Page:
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ARS Home » Plains Area » Fort Collins, Colorado » Center for Agricultural Resources Research » Soil Management and Sugarbeet Research » Research » Publications at this Location » Publication #373970

Research Project: Management Practices for Long Term Productivity of Great Plains Agriculture

Location: Soil Management and Sugarbeet Research

Title: Nitrogen fertilization and long-term no tillage impacts on soil properties and deep soil c storage under irrigation

Author
item Stewart, Catherine
item Manter, Daniel
item Delgado, Jorge
item Del Grosso, Stephen - Steve
item Calderon, Francisco
item HECKMAN, KATE - FOREST SERVICE (FS)
item SNELL, KATE - UNIVERSITY OF COLORADO

Submitted to: Proceedings Great Plains Soil Fertility Conference
Publication Type: Proceedings
Publication Acceptance Date: 3/10/2020
Publication Date: 3/10/2020
Citation: Stewart, C.E., Manter, D.K., Delgado, J.A., Del Grosso, S.J., Calderon, F.J., Heckman, K., Snell, K. 2020. Nitrogen fertilization and long-term no tillage impacts on soil properties and deep soil c storage under irrigation. Proceedings Great Plains Soil Fertility Conference.

Interpretive Summary: The net soil greenhouse gas mitigation potential (of conservation agricultural management practices) is strongly influenced by the direction and magnitude of soil organic C (SOC) change in deep soil layers (>6”). Deep SOC can be susceptible to loss from the addition of new, labile organic C. We examined long-term soil C dynamics (organic and inorganic) 13 years after conversion to no-tillage (NT) under varying nitrogen fertilizer rates (0 or 220 lbs a-1). Nitrogen fertilizer had little effect on SOC and soil inorganic C except in the 0-3” layer. After NT adoption, deep soil C became older. These results indicate that deep soil C (both organic and inorganic) is surprisingly dynamic and susceptible to loss, despite conservation management practices.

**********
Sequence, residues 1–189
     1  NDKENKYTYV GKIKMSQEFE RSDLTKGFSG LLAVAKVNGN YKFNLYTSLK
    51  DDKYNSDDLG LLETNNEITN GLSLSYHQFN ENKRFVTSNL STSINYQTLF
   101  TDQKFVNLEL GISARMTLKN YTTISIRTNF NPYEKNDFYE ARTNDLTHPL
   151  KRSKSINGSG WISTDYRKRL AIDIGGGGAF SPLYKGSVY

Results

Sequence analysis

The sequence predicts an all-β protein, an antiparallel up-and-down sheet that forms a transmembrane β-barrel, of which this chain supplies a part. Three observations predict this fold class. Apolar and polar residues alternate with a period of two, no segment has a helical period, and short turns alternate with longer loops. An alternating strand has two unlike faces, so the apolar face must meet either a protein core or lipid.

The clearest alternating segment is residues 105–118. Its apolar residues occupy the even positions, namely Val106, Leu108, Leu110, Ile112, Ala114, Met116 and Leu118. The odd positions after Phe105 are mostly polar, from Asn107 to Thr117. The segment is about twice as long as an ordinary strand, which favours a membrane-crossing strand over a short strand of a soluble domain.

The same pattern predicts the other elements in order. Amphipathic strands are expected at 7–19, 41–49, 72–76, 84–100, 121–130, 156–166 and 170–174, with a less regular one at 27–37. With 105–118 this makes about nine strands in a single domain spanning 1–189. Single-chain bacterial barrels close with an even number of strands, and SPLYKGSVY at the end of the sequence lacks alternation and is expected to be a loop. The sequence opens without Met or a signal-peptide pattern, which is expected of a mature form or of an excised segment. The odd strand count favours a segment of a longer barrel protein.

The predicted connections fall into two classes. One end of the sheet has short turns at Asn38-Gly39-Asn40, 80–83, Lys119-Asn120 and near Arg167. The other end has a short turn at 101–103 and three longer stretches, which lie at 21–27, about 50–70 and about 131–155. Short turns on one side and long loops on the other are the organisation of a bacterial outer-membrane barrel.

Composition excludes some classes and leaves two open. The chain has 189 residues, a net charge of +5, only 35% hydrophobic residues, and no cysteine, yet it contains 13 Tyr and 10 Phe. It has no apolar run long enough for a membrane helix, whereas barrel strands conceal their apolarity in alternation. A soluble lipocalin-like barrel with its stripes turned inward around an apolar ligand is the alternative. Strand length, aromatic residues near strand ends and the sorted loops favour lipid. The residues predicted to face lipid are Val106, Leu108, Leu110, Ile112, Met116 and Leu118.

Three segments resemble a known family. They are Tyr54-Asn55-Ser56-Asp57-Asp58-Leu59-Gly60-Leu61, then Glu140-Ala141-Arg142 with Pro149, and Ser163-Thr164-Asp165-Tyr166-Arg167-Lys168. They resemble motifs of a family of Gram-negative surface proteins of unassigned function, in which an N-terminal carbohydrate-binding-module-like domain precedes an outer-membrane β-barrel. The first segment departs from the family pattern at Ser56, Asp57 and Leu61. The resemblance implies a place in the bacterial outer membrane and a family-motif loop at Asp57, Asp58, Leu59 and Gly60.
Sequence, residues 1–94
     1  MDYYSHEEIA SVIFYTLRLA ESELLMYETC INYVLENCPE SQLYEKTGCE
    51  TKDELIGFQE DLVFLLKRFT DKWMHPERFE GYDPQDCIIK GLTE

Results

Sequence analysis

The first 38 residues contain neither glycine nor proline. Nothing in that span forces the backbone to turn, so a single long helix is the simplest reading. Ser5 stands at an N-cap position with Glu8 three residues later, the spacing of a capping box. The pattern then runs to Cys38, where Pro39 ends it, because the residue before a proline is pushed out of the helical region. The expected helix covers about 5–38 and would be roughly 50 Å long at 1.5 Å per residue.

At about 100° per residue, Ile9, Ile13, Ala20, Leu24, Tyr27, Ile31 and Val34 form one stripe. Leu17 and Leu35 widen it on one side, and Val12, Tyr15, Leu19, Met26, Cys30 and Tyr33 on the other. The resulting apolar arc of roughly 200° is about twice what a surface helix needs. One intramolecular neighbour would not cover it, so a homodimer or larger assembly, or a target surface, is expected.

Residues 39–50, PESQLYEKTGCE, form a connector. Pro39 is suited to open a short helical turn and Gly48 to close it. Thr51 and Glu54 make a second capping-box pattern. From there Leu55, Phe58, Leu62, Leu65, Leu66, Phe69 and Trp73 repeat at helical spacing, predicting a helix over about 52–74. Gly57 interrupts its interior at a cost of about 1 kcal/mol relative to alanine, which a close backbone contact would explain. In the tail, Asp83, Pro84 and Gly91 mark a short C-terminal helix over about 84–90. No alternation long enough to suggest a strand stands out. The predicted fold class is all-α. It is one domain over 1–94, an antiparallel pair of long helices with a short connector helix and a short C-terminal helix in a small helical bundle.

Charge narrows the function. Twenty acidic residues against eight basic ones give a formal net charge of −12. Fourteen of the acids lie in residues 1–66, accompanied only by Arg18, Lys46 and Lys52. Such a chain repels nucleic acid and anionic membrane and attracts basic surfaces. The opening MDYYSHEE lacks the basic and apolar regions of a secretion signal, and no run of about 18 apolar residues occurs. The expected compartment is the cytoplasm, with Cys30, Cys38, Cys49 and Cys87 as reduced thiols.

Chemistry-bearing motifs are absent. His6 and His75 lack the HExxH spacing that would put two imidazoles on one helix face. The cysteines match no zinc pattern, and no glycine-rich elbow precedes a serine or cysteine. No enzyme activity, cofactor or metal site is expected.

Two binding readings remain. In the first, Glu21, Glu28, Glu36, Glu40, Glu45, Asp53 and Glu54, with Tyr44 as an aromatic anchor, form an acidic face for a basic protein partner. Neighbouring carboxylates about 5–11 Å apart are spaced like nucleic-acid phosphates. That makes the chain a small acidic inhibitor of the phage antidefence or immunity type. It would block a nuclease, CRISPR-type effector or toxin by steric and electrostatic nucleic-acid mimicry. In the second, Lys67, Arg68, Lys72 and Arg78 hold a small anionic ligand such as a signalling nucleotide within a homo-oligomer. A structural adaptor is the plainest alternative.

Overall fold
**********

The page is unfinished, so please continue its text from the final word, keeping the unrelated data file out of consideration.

Technical Abstract: The net soil greenhouse gas mitigation potential of conservation agricultural management practices is strongly influenced by the direction and magnitude of soil organic C (SOC) change in deep soil layers (>6”). Deep SOC is typically old, highly processed, and consists of microbial products and root exudates associated with clay and other minerals. However, it can be susceptible to decomposition and priming from the addition of new, labile organic C. We examined long-term soil C dynamics (organic and inorganic) 13 years after conversion to no-tillage (NT) under varying nitrogen fertilizer rates (0 or 220 lbs a-1). We present preliminary data from throughout the soil profile (0-4’) of '13C of SOC and SIC, 14C, and organic and inorganic chemical composition by FTIR. Although there was surface (0-3”) accumulation of new, corn-derived-C, it was lost from the deeper soils (>3”). Nitrogen fertilizer had little effect on SOC and SIC except in the 0-3” layer. After NT adoption, deep soil C became older, from both '13 SOC and 14C data. Soil inorganic C increased at the two deepest depths, which was confirmed by FTIR. The '13SIC suggested disequilibrium of C sources with carbonate minerals after only 13 years. These results indicate that deep soil C (both organic and inorganic) is surprisingly dynamic and susceptible to loss, despite conservation management practices.